Tiananmen Square protests 'made the government more responsive to people's needs'

China will never witness another June 4, says sales director Wu Mufeng, 25.

The reason has little to do with the Chinese Communist Party's attempt to control information or suppress democracy activists.

Rather, the Guangdong native believes the rapid development of capitalism in China in the past 25 years has changed the character of Chinese people like himself.

"We care about jobs and quality of life. Our perspectives are not like those of the earlier generation who believed in broad principles."

The protesters at Tiananmen Square in 1989 were "all equal, all poor", by which he means they came from broadly similar backgrounds.

But today's society is divided, with the poor struggling to become rich and the wealthy striving to get richer, he added.

When put to him that the Tiananmen protesters came from different backgrounds and that one of the driving forces of the movement was rising inequality, he said: "It's not that students today cannot organise themselves. But people have different standards of living and so little in common, why would they band together to risk their lives like that?"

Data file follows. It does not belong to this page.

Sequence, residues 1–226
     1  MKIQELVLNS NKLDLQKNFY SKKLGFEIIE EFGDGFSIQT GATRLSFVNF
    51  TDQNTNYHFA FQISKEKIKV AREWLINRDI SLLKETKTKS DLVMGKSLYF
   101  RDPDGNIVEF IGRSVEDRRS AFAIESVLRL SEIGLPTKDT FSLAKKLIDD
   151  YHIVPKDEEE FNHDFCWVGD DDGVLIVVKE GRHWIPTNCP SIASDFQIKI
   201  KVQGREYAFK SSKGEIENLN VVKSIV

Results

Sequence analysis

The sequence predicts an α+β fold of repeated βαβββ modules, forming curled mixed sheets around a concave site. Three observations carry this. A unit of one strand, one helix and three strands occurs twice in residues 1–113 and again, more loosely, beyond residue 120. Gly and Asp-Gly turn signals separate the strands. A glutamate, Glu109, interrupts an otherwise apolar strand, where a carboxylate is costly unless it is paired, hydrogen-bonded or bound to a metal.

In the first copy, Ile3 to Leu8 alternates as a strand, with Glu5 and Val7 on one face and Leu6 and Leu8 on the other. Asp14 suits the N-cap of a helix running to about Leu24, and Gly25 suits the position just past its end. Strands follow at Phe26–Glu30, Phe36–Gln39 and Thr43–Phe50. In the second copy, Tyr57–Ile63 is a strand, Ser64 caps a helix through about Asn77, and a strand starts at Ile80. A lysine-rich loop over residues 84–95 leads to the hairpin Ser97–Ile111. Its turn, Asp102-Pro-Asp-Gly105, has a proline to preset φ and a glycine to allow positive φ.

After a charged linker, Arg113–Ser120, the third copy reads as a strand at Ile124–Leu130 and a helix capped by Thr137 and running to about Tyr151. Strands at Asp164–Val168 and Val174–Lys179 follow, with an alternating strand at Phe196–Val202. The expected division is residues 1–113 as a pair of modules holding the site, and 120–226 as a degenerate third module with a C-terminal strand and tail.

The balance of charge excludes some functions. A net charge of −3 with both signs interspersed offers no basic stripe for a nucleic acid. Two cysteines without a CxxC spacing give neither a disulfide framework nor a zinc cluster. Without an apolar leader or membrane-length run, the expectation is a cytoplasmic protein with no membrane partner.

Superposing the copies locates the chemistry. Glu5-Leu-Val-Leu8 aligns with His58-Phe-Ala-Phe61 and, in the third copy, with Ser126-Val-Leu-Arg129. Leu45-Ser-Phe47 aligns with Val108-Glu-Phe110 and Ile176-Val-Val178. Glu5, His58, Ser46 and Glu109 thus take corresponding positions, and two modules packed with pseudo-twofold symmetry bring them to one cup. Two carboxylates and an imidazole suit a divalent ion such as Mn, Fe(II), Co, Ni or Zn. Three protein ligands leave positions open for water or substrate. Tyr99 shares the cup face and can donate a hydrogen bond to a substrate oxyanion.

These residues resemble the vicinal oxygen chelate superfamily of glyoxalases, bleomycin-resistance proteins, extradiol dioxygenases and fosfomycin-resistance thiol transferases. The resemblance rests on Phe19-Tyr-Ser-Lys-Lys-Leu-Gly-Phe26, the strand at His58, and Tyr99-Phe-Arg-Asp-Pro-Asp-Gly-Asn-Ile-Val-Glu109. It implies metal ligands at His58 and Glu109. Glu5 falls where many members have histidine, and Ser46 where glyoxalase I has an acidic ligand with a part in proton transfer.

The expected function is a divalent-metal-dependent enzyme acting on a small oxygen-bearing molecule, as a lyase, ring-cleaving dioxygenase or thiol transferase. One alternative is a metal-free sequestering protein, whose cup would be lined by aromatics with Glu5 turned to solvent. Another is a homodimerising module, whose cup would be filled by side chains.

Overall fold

Unlike many of his peers who do not see June 4 as having any significant impact on their lives, the young man believes that June 4 left a positive legacy for China.

For one thing, the government would not be as responsive to the people's needs as it is now, he said.

While observers might dispute this, Mr Wu points to the government's focus on economic reform, fighting corruption and tackling pollution as showing that the voices of the laobaixing, or common folk, have been heard.

"What happened was sad," Mr Wu said. "If today's government governs well and can improve the people's lives, they can make up for the sins of the past."


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